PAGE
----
In times and among races somewhat less barbarous, we find these beliefs a little modified. The monarch, instead of being literally thought god or demigod, is conceived to be a man having divine authority, with perhaps more or less of divine nature. He retains however, as> in the East to the present day, titles expressing his heavenly descent or relationships; and is still saluted in forms and words as humble as those addressed to the Deity. While the lives and properties of his people, if not practically so completely at his mercy, are still in theory supposed to be his.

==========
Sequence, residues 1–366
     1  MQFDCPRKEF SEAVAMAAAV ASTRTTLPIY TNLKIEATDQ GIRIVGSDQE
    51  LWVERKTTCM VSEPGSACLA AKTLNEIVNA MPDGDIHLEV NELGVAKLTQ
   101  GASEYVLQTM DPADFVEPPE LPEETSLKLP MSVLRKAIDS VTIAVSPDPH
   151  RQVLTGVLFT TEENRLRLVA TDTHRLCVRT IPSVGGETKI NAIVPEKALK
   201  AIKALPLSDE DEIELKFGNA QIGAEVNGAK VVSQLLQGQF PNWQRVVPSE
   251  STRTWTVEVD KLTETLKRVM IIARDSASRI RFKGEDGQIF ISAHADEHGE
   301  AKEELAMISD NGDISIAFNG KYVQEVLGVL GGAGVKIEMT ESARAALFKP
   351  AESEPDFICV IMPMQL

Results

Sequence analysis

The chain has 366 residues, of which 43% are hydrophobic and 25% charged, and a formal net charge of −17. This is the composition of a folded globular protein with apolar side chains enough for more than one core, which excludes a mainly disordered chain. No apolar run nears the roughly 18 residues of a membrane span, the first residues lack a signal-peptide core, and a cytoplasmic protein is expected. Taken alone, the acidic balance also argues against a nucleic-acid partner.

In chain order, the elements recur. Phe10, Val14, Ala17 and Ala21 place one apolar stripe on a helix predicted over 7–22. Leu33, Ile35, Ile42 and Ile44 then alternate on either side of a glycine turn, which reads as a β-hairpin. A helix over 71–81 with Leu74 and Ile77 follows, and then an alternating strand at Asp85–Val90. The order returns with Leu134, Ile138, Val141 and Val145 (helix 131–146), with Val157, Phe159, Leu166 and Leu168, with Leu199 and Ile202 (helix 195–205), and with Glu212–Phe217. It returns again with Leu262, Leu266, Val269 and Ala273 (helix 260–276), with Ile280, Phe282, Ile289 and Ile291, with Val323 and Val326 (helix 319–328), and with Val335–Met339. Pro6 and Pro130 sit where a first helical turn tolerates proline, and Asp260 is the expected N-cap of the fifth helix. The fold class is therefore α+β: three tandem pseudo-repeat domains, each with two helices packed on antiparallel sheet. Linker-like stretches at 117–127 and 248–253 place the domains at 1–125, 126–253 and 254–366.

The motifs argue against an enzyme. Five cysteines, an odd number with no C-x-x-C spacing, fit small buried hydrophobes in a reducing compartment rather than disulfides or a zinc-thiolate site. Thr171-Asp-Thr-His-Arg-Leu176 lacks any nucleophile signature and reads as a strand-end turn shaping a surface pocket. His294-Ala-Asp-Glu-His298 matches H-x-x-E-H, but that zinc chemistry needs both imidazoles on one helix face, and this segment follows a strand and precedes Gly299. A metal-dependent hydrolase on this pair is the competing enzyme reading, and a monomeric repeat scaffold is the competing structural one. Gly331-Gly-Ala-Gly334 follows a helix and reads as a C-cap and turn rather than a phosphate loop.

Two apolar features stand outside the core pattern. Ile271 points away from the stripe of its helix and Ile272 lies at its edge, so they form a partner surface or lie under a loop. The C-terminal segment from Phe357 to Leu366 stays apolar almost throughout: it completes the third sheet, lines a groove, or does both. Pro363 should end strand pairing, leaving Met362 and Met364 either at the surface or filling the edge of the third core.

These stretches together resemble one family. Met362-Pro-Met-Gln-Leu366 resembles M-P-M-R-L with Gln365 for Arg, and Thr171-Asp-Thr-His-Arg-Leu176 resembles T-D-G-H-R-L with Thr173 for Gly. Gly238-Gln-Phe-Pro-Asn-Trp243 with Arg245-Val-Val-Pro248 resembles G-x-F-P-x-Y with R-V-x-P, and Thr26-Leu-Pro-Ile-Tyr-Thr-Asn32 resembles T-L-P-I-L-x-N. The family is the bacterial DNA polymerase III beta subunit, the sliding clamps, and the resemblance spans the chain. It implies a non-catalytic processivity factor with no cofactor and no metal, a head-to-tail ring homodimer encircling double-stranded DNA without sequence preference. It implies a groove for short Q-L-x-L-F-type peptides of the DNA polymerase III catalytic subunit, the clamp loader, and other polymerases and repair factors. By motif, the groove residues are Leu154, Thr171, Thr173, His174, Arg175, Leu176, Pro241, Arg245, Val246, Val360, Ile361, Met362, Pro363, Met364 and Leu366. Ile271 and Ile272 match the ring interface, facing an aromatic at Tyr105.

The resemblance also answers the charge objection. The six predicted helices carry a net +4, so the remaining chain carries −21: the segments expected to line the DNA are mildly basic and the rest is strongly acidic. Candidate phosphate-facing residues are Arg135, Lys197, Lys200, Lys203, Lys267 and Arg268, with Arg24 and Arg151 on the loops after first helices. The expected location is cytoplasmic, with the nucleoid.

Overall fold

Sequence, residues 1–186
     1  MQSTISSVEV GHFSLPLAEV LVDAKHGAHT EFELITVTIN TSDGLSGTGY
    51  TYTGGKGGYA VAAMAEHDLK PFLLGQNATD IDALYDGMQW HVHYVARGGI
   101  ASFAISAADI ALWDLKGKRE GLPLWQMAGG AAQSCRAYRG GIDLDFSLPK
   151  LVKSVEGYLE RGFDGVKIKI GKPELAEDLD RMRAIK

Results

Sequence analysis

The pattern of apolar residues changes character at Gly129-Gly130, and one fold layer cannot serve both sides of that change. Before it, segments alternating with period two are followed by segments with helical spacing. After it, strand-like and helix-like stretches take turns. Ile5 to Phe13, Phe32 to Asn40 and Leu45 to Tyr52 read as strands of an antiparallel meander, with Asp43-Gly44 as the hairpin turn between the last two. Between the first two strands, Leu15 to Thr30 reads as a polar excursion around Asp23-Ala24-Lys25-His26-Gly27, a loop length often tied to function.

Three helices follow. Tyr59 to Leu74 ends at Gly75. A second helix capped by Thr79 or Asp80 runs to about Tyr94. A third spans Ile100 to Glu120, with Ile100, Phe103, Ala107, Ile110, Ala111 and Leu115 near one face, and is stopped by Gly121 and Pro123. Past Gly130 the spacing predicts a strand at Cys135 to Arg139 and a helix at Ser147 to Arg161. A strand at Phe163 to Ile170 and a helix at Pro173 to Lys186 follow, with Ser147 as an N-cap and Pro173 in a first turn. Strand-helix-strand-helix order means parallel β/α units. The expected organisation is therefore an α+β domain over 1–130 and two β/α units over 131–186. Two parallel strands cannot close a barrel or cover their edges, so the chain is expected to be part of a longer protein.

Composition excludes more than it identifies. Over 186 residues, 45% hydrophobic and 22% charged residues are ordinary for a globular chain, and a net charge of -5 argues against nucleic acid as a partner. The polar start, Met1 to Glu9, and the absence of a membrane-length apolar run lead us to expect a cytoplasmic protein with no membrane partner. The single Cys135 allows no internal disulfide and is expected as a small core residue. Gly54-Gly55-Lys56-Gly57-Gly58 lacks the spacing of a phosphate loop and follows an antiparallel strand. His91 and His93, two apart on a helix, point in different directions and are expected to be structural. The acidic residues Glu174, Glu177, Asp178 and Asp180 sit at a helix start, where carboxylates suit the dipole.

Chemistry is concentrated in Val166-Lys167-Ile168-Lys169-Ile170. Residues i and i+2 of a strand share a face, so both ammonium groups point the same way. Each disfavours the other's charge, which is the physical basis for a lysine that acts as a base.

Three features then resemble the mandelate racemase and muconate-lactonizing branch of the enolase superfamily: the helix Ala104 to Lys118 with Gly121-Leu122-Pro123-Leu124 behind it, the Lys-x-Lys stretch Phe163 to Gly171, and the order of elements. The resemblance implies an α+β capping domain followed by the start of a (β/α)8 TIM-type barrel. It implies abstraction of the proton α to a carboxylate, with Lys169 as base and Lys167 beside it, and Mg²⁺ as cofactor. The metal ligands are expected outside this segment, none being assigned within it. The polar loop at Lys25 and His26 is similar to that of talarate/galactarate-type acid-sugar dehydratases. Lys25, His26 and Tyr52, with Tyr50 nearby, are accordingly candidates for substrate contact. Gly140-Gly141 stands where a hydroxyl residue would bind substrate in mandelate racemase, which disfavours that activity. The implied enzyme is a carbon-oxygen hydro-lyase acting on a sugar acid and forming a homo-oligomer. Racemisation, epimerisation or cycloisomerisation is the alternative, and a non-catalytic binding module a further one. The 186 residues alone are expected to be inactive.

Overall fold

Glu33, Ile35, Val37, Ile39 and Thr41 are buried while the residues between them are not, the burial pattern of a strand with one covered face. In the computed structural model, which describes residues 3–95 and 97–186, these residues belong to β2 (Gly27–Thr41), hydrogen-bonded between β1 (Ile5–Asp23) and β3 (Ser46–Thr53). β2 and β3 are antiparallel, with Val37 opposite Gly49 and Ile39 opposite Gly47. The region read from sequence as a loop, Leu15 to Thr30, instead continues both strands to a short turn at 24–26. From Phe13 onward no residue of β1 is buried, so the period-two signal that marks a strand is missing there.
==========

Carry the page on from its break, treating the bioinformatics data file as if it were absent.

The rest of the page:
Later in the progress of civilization, as during the middle ages in Europe, the current opinions respecting the relationship of rulers and ruled are. further changed. For the theory of divine origin, there is substituted that of divine right. No longer god or demigod, or even god-descended, the king is now regarded as simply God's vice-gerent. The obeisances made to him are not so extreme in their humility; and his sacred titles lose much of their meaning. Moreover his authority ceases to be unlimited. Subjects deny his right to dispose at will of their lives and properties; and yield allegiance only in the shape of obedience to his commands.